Credit: Courtesy of Joe Sturniolo
How the Georgia native who helped win the Super Bowl became a kicker
LISTEN: GPB's Peter Biello speaks about Kansas City Chief place kicker Harrison Butker's high school football career at Atlanta's Westminster school with his old coach, Joe Sturniolo.
In Sunday night’s Super Bowl matchup between the Philadelphia Eagles and the Kansas City Chiefs, Chiefs kicker and Georgia native Harrison Butker launched a 27-yard field goal with eight seconds remaining to put the Chiefs on top. Butker is a graduate of Georgia Tech and Atlanta’s Westminster school. When the Westminster Wildcats were looking for a kicker, Butker made the transition to football from soccer. With me now is the high school coach who helped him do that. Westminster assistant football coach Joe Sturniolo spoke with GPB's Peter Biello.
Peter Biello: But let's talk about Harrison a little bit. How did you first get to know Harrison?
Joe Sturniolo: When Harrison was a freshman, he was actually playing just soccer. He had not started playing football yet, and we were having spring practice that year and we were looking for a new kicker. And our senior kicker from the year before I had talked to about finding a replacement. And he said "Coach, there's a guy that's in the band with me that's a soccer player. I think he might be pretty good." But Harrison came out at the end of his freshman year and had never really kicked a football before, had just been a soccer player, decided he wanted to give it a try. And ironically, I was in the soccer press box and his mom was outside the press box talking to another mom. And I heard her say they want Harrison to play football "but I'm just not sure about football. You know, he's always been a soccer player. He's never been a football player. I'm just worried a little bit." And I stuck my head out and said, "Let me introduce myself," and had a conversation with Elizabeth. She consented. Now, she's an absolute huge football fan. I know she was enjoying the Super Bowl as well.
Peter Biello: So what's it like for soccer players who want to be kickers to transition? And did Harrison sort of follow the traditional role or was there something different or special about the way he did it?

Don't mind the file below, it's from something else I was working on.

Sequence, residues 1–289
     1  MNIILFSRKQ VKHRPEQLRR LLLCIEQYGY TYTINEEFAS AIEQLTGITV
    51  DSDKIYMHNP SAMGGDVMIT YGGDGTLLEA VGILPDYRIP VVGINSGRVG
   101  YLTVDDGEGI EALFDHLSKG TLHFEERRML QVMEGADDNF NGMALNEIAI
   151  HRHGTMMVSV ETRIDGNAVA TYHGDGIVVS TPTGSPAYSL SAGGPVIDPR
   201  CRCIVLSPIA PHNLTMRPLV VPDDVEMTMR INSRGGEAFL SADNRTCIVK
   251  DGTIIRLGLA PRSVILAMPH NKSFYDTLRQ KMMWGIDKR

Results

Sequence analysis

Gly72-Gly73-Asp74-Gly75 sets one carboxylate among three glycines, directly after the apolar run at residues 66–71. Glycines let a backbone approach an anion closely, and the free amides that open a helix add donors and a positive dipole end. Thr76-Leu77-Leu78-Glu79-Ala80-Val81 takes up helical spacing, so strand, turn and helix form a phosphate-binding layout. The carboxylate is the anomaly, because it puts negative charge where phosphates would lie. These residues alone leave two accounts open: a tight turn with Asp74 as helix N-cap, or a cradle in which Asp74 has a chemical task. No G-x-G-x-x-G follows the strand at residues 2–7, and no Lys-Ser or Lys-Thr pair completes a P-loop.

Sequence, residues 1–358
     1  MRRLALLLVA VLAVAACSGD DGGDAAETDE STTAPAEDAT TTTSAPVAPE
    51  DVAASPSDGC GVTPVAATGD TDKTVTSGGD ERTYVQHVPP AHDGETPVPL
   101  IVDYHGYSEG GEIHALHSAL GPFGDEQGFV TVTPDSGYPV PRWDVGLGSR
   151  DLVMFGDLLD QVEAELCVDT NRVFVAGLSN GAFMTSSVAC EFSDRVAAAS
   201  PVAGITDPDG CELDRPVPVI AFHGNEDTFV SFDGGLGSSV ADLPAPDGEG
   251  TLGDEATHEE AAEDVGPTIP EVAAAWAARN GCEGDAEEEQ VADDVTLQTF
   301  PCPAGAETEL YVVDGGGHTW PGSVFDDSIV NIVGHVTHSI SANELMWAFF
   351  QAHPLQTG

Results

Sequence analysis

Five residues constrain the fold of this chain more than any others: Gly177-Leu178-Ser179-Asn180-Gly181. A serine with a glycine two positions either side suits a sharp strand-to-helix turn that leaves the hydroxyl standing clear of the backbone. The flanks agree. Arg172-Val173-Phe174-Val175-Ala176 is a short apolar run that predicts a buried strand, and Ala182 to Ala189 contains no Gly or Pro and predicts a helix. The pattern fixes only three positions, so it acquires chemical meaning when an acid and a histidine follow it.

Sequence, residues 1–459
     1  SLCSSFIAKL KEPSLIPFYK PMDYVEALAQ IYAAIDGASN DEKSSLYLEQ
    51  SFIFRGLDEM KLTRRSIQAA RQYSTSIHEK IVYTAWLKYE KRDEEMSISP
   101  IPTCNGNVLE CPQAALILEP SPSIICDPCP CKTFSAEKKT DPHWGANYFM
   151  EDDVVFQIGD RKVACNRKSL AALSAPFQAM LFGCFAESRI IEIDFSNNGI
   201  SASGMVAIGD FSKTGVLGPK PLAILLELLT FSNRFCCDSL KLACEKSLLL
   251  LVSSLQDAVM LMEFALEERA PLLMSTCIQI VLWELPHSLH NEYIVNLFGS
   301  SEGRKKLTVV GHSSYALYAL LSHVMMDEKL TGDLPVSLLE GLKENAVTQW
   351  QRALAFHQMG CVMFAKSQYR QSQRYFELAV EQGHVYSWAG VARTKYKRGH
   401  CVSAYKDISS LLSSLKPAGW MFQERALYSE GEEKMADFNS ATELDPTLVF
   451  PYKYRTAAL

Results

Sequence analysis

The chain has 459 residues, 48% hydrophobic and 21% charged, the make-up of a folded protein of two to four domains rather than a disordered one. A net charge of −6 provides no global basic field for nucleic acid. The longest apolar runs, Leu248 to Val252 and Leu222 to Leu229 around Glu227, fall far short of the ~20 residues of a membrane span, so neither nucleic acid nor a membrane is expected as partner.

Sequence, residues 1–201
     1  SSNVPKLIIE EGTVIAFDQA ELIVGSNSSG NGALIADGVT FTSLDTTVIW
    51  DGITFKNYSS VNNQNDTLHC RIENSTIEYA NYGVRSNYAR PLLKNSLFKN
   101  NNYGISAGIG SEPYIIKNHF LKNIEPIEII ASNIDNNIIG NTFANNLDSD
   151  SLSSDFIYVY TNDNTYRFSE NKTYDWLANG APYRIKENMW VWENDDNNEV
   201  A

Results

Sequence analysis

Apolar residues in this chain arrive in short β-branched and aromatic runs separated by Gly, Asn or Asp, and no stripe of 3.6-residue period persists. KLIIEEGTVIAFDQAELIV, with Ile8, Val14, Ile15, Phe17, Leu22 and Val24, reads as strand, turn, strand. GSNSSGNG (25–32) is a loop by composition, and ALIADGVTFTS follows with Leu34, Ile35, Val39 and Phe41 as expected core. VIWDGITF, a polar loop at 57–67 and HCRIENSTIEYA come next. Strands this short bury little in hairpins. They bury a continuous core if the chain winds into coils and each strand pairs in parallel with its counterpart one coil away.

Joe Sturniolo: Well, what he did was work harder than anybody else I've ever seen. His work ethic was unbelievable. The transition for a soccer player, it's a little bit of a different kick. Obviously, that the eye-foot coordination, the ability to kick, the strength in the leg, all of that transfers over from soccer well. But the motion of kicking a soccer ball and the motion of kicking a football are different. Your hip's in a different place. You make contact at a different place. And it's all because of the trajectory that you want on the ball. Some people make the transition well, some are not very good at it. Harrison worked very, very hard, not just in season but in the off-season as well. He was constantly looking for for ways to improve. That meant going to camp somewhere, spending extra time where he and I [were] out there. There was many a night that he and and Izzy, who's now his wife, spent on the field with him, kicking and Izzy chasing footballs down by the goalpost while I was critiquing it along the way.
Peter Biello: So Harrison was a football player. He's a kicker. He was a soccer player. He was also in band. He played the tuba in band. How did he juggle all those extracurricular activities?
Joe Sturniolo: He is a very dedicated person, a very committed person. Doesn't worry a whole lot about social media, social activities, things along those lines. He focuses. His focus is tremendous. That's part of what's made him such a great kicker in the NFL ... I mean, last night, obviously he missed the first kick. One of the things that we try to teach kickers: "There's nothing less important than the last kick and there's nothing more important than the next one." His ability to just set aside whatever happened and say, "Okay, that happened, what did we learn from it? Now let's go get ready for the next one."
Peter Biello: So you must be feeling some measure of pride right now.
Joe Sturniolo: Oh, absolutely. But you know, somebody asked me last week, "How would you feel if he kicks a game winning field goal?" And I said "I'll be tremendously proud." But I'm proud of Harrison, whether he made a field goal or whether he didn't, the man that he has become is tremendous, phenomenal father, phenomenal figure in the Kansas City area. And he serves as as an altar assistant in Latin Mass and teaches kids how to do that as well.
Peter Biello: Have you kept in touch with him over the years?
Joe Sturniolo: Absolutely. I texted with him last night.
Peter Biello: What did he have to say last night?
Joe Sturniolo: We kept it short last night. I talked a little bit with him before the game and then after the game. It was right after the game. So he was still on the field when I sent my last text and I said, "I got a few questions, but obviously I'll wait till later. I want you enjoy the night and we'll talk later this week." And he just said, "Thanks, coach. Love you."